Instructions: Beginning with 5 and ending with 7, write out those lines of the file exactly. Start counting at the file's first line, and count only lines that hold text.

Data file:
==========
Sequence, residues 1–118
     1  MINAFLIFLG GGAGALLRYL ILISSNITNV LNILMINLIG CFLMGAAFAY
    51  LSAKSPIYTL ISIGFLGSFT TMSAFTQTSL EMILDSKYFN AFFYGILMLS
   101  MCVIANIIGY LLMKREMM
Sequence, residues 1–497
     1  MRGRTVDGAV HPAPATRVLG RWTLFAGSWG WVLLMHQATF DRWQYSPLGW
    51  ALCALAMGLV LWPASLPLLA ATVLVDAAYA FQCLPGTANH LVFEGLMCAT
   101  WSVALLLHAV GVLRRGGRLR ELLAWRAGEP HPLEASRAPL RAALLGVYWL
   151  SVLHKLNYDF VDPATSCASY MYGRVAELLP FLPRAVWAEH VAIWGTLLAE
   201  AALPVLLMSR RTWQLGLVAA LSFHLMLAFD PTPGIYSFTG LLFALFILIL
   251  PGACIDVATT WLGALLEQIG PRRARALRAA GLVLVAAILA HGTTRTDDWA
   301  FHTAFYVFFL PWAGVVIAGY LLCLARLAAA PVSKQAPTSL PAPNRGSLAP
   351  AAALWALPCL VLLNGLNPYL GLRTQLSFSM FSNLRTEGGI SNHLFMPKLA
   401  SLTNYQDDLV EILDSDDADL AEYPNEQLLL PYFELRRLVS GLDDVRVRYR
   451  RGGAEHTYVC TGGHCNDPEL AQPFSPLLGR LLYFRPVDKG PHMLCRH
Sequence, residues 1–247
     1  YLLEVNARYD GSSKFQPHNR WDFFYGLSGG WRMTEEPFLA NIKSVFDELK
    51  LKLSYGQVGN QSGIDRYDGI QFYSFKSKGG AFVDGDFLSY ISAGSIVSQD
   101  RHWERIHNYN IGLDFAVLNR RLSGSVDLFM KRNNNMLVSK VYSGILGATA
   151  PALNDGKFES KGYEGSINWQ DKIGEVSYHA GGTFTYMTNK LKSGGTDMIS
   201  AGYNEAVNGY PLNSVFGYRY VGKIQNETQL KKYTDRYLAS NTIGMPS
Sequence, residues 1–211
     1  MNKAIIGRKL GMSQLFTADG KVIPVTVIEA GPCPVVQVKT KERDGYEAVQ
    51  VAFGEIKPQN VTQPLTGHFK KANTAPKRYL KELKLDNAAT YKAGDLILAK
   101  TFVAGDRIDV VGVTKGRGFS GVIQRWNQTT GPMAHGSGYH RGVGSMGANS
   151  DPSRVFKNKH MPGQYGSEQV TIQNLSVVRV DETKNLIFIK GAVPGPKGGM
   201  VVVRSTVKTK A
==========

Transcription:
Sequence, residues 1–497
     1  MRGRTVDGAV HPAPATRVLG RWTLFAGSWG WVLLMHQATF DRWQYSPLGW
    51  ALCALAMGLV LWPASLPLLA ATVLVDAAYA FQCLPGTANH LVFEGLMCAT